The term “Ajrak”, may be derived from “Azrak”, meaning blue in Arabic, as blue happens to be the one of the principal colours in Ajrak printing. But the popular story among artisans is that the name is derived from the phrase “aajrakh”, meaning “keep it for today”. Ajrakh, as the particular print is called, is the result of a long and laborious process. One of the main differences between Ajrakh and the normal block printing found elsewhere is the ‘resist’ technique.

Traditional Ajrakh printing involves various stages of dyeing and resist printing using natural dyes and mordents, is a 16-stage process which takes anywhere between 2-3 weeks, depending on the number of colours and layers of block print designs used.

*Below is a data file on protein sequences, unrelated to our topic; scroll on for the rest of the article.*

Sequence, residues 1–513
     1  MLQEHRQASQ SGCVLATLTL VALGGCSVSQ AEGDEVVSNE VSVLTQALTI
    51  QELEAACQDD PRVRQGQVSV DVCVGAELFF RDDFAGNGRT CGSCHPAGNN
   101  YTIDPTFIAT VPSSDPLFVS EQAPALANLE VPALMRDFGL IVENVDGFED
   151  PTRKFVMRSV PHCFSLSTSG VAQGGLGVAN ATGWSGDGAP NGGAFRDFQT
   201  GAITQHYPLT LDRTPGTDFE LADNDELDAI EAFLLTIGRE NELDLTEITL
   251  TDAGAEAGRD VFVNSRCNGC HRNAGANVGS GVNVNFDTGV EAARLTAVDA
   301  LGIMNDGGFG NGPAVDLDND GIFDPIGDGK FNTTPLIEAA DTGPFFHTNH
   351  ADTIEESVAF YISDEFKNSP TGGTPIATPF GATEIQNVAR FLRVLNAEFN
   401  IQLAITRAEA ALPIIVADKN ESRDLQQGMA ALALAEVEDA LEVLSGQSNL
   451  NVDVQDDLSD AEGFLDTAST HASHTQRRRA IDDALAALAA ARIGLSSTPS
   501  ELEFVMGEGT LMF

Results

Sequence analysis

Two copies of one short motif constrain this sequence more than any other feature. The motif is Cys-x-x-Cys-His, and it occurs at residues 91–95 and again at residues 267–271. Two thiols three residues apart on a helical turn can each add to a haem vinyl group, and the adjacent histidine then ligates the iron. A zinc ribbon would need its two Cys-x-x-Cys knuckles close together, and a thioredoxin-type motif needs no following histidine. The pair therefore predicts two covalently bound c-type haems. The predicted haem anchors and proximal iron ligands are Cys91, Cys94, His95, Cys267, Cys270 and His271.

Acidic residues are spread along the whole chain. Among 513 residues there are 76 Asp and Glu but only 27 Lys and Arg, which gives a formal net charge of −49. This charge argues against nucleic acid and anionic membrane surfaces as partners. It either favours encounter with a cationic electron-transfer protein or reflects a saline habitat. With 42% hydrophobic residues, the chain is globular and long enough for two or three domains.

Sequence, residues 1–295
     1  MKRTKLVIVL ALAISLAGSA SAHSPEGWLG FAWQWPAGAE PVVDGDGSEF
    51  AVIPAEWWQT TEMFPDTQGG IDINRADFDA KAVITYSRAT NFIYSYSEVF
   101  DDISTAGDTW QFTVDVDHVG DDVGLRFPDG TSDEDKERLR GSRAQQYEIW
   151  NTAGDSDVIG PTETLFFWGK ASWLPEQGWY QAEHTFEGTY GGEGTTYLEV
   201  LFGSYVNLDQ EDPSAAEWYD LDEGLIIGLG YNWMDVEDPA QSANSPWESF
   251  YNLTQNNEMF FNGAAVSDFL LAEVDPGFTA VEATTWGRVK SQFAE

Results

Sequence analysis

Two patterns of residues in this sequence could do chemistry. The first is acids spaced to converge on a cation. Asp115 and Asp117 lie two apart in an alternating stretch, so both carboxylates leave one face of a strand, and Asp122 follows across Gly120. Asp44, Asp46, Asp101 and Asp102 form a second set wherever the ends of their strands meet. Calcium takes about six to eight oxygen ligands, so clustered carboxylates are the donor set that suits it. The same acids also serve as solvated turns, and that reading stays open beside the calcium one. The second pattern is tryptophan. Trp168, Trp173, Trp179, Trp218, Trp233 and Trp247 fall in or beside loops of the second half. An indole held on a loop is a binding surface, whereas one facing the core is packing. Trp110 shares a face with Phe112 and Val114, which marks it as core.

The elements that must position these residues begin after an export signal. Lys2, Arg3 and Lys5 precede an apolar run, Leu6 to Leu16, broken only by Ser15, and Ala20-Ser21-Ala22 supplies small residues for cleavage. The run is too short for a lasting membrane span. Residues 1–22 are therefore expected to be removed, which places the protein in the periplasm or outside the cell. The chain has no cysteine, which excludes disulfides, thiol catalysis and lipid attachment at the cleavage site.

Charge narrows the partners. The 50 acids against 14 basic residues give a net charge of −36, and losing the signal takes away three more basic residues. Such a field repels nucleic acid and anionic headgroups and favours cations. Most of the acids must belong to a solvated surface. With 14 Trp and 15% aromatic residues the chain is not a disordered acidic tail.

Ajrakh is printed as single sided (ekpuri) and double sided (bipuri). Indigo and madder are the primary colours that are used for dyeing. Tamarind seed powder and alum makes red, turmeric makes yellow, and lime is used for white.The resist and some colours are printed on the cloth using carved wooden blocks. These blocks are carved with intricate symmetrical patterns so that the same block can be used for both sides of the cloth.

The Process

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